Donald Trump doesn't seem pleased about Jill Stein's efforts to raise funds for an election recount in three battleground states, and he's also apparently not happy about reports that Hillary Clinton is crushing him in the popular vote (at last count, she was up by some 2.2 million votes, per the Cook Political Report election tracker). The president-elect offered his theory Sunday on the popular vote, CNN reports. "In addition to winning the Electoral College in a landslide, I won the popular vote if you deduct the millions of people who voted illegally," he said in a mid-afternoon tweet, which CNN notes appears to be the first time he has pointed to voter fraud post-election surrounding his own win.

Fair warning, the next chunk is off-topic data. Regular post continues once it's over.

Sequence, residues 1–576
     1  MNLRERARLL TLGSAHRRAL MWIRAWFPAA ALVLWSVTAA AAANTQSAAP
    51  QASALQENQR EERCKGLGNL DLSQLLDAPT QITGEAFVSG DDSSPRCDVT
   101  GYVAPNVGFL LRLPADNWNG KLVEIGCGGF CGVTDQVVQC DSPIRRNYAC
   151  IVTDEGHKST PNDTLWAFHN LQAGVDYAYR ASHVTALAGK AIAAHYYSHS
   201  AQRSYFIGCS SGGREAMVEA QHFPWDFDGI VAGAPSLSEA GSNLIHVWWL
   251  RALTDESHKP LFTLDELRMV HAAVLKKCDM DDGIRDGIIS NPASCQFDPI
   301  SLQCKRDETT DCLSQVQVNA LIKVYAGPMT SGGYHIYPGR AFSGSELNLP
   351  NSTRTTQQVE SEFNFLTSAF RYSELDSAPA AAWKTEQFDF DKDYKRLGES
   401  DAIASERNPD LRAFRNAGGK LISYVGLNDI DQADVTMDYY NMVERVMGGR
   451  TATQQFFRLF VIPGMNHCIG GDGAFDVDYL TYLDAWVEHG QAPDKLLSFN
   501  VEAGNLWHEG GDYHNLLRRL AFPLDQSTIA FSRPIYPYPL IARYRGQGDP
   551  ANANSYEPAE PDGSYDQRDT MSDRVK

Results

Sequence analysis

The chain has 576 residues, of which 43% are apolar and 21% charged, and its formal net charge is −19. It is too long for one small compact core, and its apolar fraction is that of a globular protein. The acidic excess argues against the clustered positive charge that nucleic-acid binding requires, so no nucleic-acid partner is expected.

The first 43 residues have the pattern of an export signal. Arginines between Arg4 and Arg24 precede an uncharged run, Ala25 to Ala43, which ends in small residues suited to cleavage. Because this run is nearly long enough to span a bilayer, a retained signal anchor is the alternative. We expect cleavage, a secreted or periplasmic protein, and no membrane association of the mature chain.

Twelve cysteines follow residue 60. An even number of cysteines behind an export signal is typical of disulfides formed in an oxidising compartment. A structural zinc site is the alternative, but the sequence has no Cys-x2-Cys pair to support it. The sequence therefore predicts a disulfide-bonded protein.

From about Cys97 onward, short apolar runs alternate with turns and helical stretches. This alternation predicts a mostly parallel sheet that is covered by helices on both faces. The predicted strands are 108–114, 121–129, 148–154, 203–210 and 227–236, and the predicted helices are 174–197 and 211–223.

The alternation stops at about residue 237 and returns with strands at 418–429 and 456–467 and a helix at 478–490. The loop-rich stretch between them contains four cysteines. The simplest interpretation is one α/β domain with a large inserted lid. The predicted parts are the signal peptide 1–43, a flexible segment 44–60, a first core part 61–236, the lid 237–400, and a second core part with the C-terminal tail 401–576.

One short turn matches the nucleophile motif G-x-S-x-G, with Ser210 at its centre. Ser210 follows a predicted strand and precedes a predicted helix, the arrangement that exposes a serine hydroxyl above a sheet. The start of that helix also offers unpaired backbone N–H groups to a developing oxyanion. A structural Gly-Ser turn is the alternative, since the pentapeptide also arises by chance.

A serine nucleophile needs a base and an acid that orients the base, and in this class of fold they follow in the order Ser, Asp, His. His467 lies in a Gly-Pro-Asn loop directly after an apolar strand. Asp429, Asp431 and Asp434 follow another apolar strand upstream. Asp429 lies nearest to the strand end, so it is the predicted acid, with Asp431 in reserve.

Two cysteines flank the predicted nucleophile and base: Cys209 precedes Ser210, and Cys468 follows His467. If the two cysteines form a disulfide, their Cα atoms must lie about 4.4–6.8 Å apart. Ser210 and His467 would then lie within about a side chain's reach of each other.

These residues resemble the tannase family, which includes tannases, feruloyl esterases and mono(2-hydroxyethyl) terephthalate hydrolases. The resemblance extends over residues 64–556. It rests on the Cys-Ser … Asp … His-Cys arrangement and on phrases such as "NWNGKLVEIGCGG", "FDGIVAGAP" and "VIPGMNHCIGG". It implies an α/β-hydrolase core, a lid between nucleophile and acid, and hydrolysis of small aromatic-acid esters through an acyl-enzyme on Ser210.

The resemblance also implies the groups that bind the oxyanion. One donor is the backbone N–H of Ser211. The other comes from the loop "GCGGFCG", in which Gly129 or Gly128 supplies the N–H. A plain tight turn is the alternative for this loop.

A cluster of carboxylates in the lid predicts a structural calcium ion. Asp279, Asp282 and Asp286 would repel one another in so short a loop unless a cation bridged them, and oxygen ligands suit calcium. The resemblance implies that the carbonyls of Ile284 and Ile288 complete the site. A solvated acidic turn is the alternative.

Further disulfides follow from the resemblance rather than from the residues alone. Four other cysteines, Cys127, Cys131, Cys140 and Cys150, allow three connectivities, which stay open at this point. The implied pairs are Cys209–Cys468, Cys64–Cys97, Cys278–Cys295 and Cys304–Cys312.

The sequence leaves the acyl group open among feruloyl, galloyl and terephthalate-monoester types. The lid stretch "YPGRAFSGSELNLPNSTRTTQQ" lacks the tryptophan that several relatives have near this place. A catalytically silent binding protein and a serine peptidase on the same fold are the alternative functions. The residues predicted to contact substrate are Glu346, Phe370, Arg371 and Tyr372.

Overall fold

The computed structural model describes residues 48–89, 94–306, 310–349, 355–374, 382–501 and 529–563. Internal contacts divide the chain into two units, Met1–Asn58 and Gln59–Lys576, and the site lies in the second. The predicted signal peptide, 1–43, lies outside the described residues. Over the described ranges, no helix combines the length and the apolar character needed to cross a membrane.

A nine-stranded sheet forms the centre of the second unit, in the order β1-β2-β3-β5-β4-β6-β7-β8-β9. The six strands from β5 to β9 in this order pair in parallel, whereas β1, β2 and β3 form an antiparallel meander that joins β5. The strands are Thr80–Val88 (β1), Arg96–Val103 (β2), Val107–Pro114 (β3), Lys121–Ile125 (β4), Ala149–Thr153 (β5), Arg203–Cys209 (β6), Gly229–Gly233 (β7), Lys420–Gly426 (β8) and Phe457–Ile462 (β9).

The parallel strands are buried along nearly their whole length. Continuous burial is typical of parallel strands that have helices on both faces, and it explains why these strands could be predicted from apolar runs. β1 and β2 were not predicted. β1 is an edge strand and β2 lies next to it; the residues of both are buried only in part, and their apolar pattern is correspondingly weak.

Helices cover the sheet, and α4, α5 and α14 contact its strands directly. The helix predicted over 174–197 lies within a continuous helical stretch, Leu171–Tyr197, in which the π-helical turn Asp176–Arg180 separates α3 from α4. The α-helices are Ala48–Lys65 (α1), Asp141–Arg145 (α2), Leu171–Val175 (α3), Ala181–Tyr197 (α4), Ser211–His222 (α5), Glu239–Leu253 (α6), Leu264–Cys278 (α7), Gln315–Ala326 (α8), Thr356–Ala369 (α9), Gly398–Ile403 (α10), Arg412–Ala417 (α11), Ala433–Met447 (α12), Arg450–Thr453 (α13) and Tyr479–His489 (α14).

CNN also notes there doesn't seem to be any evidence to back up his illegal-voting claim, nor is there any kind of consensus that Trump can claim a "landslide" Electoral College victory, either—an assertion also made earlier this month by Reince Priebus, Trump's soon-to-be White House chief of staff, per the Milwaukee Journal Sentinel. PolitiFact Wisconsin examines what it takes for a win to be declared a landslide, acknowledging the term is not "technically defined." But with Trump's recently declared win in Michigan, and barring any swerves brought about by the Stein-led recounts, that would leave him with 306 Electoral College votes to Clinton's 232, or 57% of the total—a substantial lead, but not a landslide, according to nearly all of the 10 experts PolitiFact talked to (one said 60% would be considered a landslide, so Trump came "pretty close").